RESULTS posted here (PDF).
The 2-mile Cable Champs at Chris Greene Lake was another “surgical strike.” Fly in one evening, swim the next morning, fly out the same evening. It’s not my favorite way to do things – I would have loved to check out UVA and Monticello, for instance – but my budget (time, financial, and marital!) dictated that I get back to Chicago in time for dinner.
I stayed in Richmond VA Friday night, and made the 70-mile drive to the lake (in the woods just north of Charlottesville) the next morning through pouring rain. Magically, the clouds parted almost as soon as I exited the highway. I arrived just in time to see Chris LaBianco drop a 39:59.99 in the first heat (the fastest time of the day, and a new USMS national record). Quite literally: I walked onto the beach, and the first thing I saw was him finishing. Pretty cool. The second thing I saw: Rob‘s goatee.
So, what’s a cable swim? It’s an open-water swim with a course marked by two wood pylons, 440 yards apart in this case, with a cable strung between them. You then swim around and around, until you’ve completed the required distance – in this case, 2 miles (8 lengths). It’s an open-water swim with the navigational element partially removed. “Partially” because you still have to navigate around and between other swimmers – the ones you’re swimming with, and the ones you’re lapping. And also, because the cable isn’t precisely straight.
Although the cable makes navigation easier, and the calm lake setting removes other “elements” (current, chop, etc.), there are other tactical and strategic factors, unique to this event, that made it plenty interesting.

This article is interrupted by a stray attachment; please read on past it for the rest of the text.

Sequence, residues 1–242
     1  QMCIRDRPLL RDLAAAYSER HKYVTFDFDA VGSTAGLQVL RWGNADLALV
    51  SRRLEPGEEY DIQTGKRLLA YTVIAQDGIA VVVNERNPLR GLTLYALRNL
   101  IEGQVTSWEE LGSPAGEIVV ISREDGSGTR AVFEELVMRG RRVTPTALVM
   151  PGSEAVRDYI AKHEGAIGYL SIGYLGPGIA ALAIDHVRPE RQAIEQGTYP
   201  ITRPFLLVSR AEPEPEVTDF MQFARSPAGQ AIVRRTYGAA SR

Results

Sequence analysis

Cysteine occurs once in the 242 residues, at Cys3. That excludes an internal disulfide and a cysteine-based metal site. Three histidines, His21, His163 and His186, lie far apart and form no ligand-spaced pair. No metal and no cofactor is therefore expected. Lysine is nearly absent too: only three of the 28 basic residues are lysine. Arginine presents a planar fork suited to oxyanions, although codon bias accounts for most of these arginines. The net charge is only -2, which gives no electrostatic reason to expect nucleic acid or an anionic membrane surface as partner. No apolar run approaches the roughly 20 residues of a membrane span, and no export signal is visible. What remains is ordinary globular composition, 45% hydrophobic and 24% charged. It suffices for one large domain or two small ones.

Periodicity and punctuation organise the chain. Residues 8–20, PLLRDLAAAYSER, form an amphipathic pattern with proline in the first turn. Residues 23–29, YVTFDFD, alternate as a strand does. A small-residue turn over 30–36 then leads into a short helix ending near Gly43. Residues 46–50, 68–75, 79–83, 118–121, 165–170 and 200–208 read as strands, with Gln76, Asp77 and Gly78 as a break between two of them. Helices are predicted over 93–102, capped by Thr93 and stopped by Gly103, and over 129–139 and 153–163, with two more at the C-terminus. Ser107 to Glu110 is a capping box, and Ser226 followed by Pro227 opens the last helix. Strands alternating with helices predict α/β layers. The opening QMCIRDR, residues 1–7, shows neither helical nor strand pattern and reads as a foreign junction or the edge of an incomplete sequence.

First, the heat selection. The first heat began at 8:30 and ran counter-clockwise; the second began at 10:30 and ran clockwise. You select “Heat 1” or “Heat 2” with your entry, depending on whether you want to swim with the cable on your left (H1) or right (H2). I’m a right-side breather, so I chose Heat 2. What newbies like me don’t realize, though, is that there are other factors in the decision.
For one, the lake tends to warm up through the morning, so the second heat may well be warmer than the first. And with the multiple 100F days Virginia experienced this past week, this is a real concern. In the end, the water was 85F, though I doubt there was a significant difference between the two heats.
Second, and likely because of the above, the first heat tends to be more “top-heavy” than the second. Indeed, 4 of the top 5 times of the day were swum in the first heat. Why does this matter? For most folks it probably doesn’t, but if you’re among the fastest 10-15 swimmers, you’re more likely to find ideal drafting targets – people slightly faster than you – and thus more likely to put down a fast time.
There’s a third tactical factor that, like the above two, arises before the race even begins. And that is: your seed time (for 1650y or 1500m). Each heat is set off in waves of ten, 30 seconds apart, fastest to slowest. If your seed time is accurate, you’ll swim with people of approximately similar speed. If it’s not accurate, you’ll swim with people either faster or slower than you.